scenario: everyone but assistant 4 and assistant 2 lies we would know that the jackpot is an even number, but not square. we would know it has <6 factors (not 12, 18, or 20), and it is greater than 10 this gives us, as the only possibility, 14, because 12, 18, 16, and 20, even numbers greater than 10, are ineligible I could stop here with the meta solution of, we know there is no ambiguity. but that's cheating also 5 to 8 are lying because there is the wrong number of people/ 2+ however many of 5-8 are before them lying, which is never correct for them.

it seems like 5 to 8 are irrelevant or red herrings to me at this point. however, in my later state of solving, it seems like they're actually the key to this somehow, if i could just find out how

scenario, 2 and 3 only tell the truth. even non-square, however assistant 4 lying means number from 1-10 which isn't even. impossible scenario

scenario. 2, 3 and 4 tell the truth, as does assistant 5 even non-square. 2,6,8,10, 12, 18 or 20 (assistant 3 helps here) it doesn't seem like i can divine the truth in this scenario. i can't find a contradiction

scenario 5 through 8 lie only: odd number or square number. 12, 18, 20 or between 1-10. greater than 10 or even. this leaves only 4. i can't see a contradiction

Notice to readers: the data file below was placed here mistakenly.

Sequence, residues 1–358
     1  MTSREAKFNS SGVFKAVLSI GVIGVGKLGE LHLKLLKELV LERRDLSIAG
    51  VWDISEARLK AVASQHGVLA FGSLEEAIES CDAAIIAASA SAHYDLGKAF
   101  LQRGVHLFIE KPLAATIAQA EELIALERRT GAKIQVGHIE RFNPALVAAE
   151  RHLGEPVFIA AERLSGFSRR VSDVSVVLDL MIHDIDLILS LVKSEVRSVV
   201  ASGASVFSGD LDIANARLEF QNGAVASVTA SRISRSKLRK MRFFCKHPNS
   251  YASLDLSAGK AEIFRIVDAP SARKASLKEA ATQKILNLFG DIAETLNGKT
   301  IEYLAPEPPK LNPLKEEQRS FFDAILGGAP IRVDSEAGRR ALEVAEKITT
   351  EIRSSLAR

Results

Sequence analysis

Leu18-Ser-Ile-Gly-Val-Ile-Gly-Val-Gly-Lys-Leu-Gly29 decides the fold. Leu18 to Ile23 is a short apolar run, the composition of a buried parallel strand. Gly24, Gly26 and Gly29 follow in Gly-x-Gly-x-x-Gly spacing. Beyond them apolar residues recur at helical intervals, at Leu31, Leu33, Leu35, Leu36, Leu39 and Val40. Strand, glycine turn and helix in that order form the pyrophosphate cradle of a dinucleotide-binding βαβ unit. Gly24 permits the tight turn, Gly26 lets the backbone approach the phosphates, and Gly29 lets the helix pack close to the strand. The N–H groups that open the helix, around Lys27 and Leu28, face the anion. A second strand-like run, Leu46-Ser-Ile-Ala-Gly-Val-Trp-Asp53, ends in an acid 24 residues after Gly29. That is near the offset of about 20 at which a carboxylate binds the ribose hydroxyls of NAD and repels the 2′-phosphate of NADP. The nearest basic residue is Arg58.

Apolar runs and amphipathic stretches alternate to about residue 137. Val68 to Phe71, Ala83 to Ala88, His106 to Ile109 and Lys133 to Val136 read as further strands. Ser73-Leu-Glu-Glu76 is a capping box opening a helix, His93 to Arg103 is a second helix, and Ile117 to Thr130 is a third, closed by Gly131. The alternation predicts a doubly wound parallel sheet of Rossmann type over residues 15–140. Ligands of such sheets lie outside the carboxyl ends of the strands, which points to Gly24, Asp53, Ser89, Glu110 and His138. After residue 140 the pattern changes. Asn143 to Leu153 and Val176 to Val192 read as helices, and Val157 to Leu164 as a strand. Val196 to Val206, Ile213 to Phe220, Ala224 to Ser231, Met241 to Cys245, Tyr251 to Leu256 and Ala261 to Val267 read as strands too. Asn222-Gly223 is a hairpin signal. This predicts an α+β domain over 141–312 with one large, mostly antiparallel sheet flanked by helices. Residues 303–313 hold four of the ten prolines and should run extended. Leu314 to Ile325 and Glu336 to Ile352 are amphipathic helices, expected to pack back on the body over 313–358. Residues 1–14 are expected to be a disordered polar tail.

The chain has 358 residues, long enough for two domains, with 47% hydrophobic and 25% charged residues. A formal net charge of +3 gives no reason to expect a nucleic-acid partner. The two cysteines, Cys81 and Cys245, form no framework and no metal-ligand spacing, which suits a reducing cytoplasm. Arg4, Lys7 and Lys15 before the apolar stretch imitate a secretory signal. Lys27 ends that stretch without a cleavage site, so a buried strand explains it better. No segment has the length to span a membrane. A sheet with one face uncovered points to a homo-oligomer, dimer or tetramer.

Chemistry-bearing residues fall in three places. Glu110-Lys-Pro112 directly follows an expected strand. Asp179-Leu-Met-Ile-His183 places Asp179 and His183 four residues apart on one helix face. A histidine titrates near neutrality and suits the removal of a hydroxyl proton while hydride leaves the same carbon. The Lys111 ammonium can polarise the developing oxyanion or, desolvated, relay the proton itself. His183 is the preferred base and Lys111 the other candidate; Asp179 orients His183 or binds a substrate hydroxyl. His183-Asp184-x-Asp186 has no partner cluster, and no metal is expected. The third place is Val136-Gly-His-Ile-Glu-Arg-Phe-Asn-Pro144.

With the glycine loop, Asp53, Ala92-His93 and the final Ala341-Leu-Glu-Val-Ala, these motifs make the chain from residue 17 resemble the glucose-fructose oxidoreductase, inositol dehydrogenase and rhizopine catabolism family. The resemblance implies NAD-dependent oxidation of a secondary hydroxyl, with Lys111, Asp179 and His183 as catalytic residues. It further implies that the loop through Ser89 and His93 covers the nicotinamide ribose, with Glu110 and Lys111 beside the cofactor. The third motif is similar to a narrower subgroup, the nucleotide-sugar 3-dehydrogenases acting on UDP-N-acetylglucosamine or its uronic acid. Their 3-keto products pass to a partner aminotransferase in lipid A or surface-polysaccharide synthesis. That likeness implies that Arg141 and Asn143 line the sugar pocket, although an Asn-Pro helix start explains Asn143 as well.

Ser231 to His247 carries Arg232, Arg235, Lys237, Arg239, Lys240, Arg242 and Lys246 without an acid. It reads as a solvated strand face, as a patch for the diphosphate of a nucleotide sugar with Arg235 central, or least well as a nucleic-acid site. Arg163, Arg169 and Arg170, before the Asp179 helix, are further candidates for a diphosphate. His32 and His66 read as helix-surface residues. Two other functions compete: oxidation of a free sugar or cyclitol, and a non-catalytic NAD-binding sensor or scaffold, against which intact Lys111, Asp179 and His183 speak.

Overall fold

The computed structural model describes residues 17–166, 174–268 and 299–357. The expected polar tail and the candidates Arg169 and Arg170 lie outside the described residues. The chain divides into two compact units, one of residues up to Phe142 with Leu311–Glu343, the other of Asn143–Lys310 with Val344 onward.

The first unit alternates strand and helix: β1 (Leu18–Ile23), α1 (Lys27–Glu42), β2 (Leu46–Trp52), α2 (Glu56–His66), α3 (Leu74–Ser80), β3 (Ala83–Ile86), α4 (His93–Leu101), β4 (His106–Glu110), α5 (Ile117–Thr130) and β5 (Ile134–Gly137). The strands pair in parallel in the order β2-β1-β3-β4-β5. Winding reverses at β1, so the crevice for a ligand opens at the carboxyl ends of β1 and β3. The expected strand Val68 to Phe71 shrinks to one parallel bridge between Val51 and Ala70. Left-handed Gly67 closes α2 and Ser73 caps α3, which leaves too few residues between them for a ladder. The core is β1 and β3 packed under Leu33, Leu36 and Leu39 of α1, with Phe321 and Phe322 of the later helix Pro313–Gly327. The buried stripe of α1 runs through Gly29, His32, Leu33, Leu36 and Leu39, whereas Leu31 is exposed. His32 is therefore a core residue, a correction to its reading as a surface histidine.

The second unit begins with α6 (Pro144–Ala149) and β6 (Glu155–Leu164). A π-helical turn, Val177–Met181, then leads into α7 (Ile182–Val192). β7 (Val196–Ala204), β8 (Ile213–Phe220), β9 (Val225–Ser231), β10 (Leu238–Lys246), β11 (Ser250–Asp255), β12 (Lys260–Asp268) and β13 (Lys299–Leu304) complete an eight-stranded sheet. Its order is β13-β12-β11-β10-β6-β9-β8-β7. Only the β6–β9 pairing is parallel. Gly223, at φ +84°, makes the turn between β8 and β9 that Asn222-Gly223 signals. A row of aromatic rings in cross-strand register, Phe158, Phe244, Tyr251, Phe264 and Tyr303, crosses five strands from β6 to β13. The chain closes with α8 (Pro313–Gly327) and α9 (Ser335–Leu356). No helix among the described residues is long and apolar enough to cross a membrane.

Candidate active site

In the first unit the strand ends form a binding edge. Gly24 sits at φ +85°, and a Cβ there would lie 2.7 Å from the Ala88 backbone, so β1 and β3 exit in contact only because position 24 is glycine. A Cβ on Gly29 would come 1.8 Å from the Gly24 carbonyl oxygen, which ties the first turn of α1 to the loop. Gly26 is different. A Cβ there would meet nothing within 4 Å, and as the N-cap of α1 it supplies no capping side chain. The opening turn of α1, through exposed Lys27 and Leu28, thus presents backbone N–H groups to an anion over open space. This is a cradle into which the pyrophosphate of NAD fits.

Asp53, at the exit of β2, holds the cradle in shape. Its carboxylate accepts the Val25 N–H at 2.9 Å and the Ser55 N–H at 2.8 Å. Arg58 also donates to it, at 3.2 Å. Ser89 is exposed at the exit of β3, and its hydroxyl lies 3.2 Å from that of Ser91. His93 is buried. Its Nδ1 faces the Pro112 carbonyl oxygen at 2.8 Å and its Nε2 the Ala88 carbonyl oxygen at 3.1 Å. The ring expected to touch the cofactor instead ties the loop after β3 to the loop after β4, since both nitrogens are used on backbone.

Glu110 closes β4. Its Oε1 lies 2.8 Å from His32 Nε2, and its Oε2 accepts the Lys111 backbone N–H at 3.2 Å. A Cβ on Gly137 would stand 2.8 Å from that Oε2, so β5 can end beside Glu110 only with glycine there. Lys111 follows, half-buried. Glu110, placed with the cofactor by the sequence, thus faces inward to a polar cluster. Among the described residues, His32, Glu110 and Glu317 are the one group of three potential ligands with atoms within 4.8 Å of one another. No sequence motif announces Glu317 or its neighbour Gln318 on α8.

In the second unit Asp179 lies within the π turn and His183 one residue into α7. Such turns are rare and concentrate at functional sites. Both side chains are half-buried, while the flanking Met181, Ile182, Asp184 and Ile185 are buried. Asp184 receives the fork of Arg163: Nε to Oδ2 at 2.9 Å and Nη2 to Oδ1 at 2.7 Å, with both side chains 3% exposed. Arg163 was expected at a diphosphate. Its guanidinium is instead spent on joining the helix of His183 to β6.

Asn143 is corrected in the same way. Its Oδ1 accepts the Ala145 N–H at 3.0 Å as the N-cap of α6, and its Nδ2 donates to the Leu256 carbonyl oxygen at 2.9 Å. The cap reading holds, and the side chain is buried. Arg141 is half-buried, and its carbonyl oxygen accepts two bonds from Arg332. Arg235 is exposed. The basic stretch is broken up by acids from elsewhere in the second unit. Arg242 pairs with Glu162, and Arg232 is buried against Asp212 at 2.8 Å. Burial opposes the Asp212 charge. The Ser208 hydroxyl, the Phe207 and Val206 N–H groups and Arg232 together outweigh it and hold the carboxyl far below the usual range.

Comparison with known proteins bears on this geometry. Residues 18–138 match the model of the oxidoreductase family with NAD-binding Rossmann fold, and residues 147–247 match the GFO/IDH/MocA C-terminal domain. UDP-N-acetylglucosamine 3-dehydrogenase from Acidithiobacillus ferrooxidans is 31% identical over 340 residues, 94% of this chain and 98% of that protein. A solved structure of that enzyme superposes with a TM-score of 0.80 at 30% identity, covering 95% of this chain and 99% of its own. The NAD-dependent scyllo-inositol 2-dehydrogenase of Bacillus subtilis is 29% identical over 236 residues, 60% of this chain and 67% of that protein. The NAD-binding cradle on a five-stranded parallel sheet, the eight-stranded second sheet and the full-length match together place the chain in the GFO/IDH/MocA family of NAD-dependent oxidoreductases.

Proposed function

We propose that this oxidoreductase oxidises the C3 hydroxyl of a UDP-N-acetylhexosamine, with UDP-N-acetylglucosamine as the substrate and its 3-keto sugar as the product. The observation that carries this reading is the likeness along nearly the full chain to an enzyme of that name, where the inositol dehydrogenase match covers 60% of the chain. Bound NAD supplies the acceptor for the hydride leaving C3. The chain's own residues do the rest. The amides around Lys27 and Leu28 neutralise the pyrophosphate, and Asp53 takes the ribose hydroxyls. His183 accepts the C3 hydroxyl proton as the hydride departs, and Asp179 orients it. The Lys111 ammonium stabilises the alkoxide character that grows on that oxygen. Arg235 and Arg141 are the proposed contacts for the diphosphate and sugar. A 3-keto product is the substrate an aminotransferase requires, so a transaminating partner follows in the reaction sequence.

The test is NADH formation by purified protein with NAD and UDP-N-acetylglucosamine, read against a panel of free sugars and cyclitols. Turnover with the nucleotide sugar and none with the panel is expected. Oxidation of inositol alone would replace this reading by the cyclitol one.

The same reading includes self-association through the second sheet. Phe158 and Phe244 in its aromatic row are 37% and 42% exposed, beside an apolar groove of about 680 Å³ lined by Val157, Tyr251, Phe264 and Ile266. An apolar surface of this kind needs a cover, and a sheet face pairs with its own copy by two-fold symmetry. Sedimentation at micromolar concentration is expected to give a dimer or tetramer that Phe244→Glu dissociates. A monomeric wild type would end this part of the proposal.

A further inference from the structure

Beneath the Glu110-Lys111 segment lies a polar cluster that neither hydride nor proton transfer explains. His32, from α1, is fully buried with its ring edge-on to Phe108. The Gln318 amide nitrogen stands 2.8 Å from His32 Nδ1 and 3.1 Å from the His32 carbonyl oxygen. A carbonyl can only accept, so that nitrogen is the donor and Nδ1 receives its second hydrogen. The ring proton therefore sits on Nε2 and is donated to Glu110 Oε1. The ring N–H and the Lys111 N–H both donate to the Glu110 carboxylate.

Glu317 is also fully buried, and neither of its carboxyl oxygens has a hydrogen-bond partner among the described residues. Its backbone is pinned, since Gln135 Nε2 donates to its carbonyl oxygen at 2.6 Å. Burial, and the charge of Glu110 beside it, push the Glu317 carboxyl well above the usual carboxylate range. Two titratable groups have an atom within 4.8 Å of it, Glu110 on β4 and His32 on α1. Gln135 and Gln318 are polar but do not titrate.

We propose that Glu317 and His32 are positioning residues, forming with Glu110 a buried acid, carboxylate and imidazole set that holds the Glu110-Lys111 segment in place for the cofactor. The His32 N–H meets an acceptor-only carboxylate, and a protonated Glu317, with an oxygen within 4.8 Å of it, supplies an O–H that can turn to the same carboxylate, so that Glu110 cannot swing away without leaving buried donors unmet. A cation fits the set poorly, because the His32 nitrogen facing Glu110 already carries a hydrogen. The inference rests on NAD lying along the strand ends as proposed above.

perhaps 5-8 are key... is one of the liars the presenter?

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  • $\begingroup$ Asistant 6 through 8 are all liars. If asistant 5 is telling the truth then there is exactly one liar before assistant 6, two before assistant 7 and three before assistant 8. If assistant 5 is lying then the number of liars among 1 thorugh 4 is some number other than 1. If follows that the numbers of liars preceding assistant 6 is some number other than 2. Etc. $\endgroup$ – Taemyr Feb 11 '18 at 21:17
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Of the eight statements given by the assistants, four of them are completely useless and can be ignored due to either always being false or always being true.

Statement 2 would be false if and only if the jackpot door's number was a square that had 6 or more distinct divisors. All four squares in the range of 1 to 20 (specifically, the numbers 1, 4, 9, 16) have fewer than 6 distinct divisors, therefore Statement 2 must be true.

Statement 5 is true if and only if there is exactly one false statement among the first four statements. The possible number of false statements, regardless of what the statements are, among the first five statements is therefore either 1, 3, 4, or 5. Because of this, it is impossible to have exactly 2 false statements among the first 5 statements, therefore Statement 6 cannot be true.
Because statement 6 cannot be true, the possible number of false statements among the first 6 statements is 2, 4, 5, or 6. Therefore, it is impossible for there to be exactly 3 false statements among them, and Statement 7 cannot be true.